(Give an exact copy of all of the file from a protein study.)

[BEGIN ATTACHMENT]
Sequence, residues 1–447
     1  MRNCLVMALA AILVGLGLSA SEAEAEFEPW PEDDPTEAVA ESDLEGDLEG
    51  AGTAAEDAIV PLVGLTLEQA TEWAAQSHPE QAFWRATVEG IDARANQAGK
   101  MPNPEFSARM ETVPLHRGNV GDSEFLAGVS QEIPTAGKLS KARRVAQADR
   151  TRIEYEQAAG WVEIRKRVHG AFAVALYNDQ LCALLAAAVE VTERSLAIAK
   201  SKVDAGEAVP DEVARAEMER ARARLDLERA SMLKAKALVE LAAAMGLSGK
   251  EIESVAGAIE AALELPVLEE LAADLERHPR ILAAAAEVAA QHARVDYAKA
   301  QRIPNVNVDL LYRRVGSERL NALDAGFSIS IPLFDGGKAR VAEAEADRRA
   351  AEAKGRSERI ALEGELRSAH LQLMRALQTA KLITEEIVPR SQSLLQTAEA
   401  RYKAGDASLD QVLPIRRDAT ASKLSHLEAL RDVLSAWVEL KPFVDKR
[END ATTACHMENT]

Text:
Sequence, residues 1–447
     1  MRNCLVMALA AILVGLGLSA SEAEAEFEPW PEDDPTEAVA ESDLEGDLEG
    51  AGTAAEDAIV PLVGLTLEQA TEWAAQSHPE QAFWRATVEG IDARANQAGK
   101  MPNPEFSARM ETVPLHRGNV GDSEFLAGVS QEIPTAGKLS KARRVAQADR
   151  TRIEYEQAAG WVEIRKRVHG AFAVALYNDQ LCALLAAAVE VTERSLAIAK
   201  SKVDAGEAVP DEVARAEMER ARARLDLERA SMLKAKALVE LAAAMGLSGK
   251  EIESVAGAIE AALELPVLEE LAADLERHPR ILAAAAEVAA QHARVDYAKA
   301  QRIPNVNVDL LYRRVGSERL NALDAGFSIS IPLFDGGKAR VAEAEADRRA
   351  AEAKGRSERI ALEGELRSAH LQLMRALQTA KLITEEIVPR SQSLLQTAEA
   401  RYKAGDASLD QVLPIRRDAT ASKLSHLEAL RDVLSAWVEL KPFVDKR